UPDATE (20:30 PM)
Protest erupts in some parts of Kashmir (BBC Hindi shares some visuals).
“I have just come to Delhi from Srinagar. It is worst than 1846. Srinagar is a city of soldiers and spools of concertina wire. Yesterday, it took me three hours to reach office (Residency Road) from Parraypora,” said Muzammal Jaleel, the deputy editor of the Indian Express in a Facebook post.
The Indian government revoked the special status of Indian-administered Kashmir on Monday amidst complete shutdown of all kind of telecommunication.
In the same Facebook post, Jameel added that phones, landlines – all have been disconnected. “There is no money in ATMs. A very strict curfew has been imposed across Kashmir. I could only move around with lot of difficulty in uptown Srinagar. I have no information outside that small part of the city. However, I did hear there have been protests in old town Baramulla.”
Protester dies, over 100 arrested
A protester died after being chased by police and more than 100 people were arrested during a curfew in Kashmir’s main city after the restive region’s autonomy was scrapped by India, officials told AFP news agency. Another source told AFP that at least six people have been admitted to hospital in Srinagar with gunshot wounds and other injuries from protests.
‘Air tickets are being allowed as curfew passes’
Shah Faesal, president of J &K Peoples Movement party posted a few updates on his Facebook.
Here is another one he posted 11 hours ago.
Kashmir is experiencing an unprecedented lock-down. From Zero Bridge to Airport some movement of vehicles is visible. Other places are completely out of bounds. Except for patients or those with a curfew pass. It was not possible to reach Omar Abdullah, Mehbooba Mufti, Sajad Lone or send a message to them.
In other Districts curfew is all the more strict. You can say that the entire 8 million population has been incarcerated like never before. As of now there is no shortage of food and essentials.
My sources in Administration told me that Sat Phones given to officers are being used to coordinate the civil supplies. No other means of communication is available.
Those with Dish TV have access to news. Cable services are down. Many people still have a bleak idea of what happened. Radio was working till a few hours ago. Most people are watching DD.
National media is also not being allowed to move into interior areas.
LD hospital is functioning beyond its capacity as expecting women are getting admitted days in advance to avoid any last moment hassels. Some people are planning to run langars there.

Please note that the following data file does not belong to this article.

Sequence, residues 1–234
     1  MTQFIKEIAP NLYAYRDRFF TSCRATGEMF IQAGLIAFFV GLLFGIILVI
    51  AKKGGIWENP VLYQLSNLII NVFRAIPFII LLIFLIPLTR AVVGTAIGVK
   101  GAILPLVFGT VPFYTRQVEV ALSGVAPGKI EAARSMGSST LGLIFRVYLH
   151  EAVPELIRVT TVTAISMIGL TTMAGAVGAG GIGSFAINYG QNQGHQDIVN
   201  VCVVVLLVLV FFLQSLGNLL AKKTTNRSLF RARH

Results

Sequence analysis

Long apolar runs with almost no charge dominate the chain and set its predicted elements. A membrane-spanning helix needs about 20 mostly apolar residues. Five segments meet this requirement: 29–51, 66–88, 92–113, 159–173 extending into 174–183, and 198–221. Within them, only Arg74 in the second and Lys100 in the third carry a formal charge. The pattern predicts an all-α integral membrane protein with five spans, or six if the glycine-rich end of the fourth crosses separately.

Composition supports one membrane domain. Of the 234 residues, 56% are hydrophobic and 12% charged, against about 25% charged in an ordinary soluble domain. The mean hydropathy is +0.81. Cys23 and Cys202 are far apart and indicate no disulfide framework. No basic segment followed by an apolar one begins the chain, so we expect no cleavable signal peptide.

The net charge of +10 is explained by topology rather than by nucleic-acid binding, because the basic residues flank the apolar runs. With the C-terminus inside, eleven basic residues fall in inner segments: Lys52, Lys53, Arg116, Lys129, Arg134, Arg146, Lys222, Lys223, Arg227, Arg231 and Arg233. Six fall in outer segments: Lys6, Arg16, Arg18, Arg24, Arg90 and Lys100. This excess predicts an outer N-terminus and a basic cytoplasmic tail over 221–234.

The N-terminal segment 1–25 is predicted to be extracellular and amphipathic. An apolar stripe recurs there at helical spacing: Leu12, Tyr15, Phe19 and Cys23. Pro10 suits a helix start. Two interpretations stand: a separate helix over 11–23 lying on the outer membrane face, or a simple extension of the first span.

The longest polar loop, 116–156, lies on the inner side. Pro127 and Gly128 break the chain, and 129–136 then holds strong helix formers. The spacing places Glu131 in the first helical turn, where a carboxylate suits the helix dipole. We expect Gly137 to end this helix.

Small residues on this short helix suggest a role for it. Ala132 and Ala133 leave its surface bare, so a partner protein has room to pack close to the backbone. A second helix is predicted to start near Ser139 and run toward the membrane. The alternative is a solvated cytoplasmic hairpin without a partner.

No violent incident has been officially reported so far. Random incidents of stone throwing were reported from Rambagh, Natipora, Downtown, Kulgam, Anantnag. But no news of any killings.
People are in shock. Numb. Yet to make sense of what befell them. Everyone is mourning what we lost.
In my conversations with people besides 370, it’s the loss of statehood that has hurt people deeply. This is being seen as the biggest betrayal by the Indian state in last 70 years.
Few leaders who have escaped detention called for calm through TV channels. It is being said that the government is ready for a casualty figure of 8 – 10 thousand. So sanity demands that we don’t give anyone a chance for mass massacre.
My appeal has also been that let’s stay alive, then we shall fight back.
The body language of forces personnel manning the nakas is extremely harsh. JKP is totally sidelined. One guy told an acquaintance of mine that now we are going to show your place to you.
Such stories of locals being bullied have reached me from many places. But its extremely heartening that Kashmiris are staying calm.
‘There is no medicine’
A local told Free Press Kashmir that he has been seeking medical help but he just can’t go anywhere. “The entire valley is shut, there is no petrol left in my vehicle, the trucks carrying petrol for pump stations are being stopped from entering Srinagar,” he added.
UN ‘deeply concerned’ over Kashmir curfew
The United Nations has expressed concern over the massive security lockdown, telecommunication restrictions and the arbitrary detention of political leaders in Indian-administered Kashmir.
“What we are witnessing now in Indian-administered Kashmir takes what was already a bit of a pattern to a new level,” said UN human rights spokesperson Rupert Colville at a press briefing in Geneva.
“We are deeply concerned that the latest restrictions will exacerbate the human rights situation in the region,” he added.
More updates awaited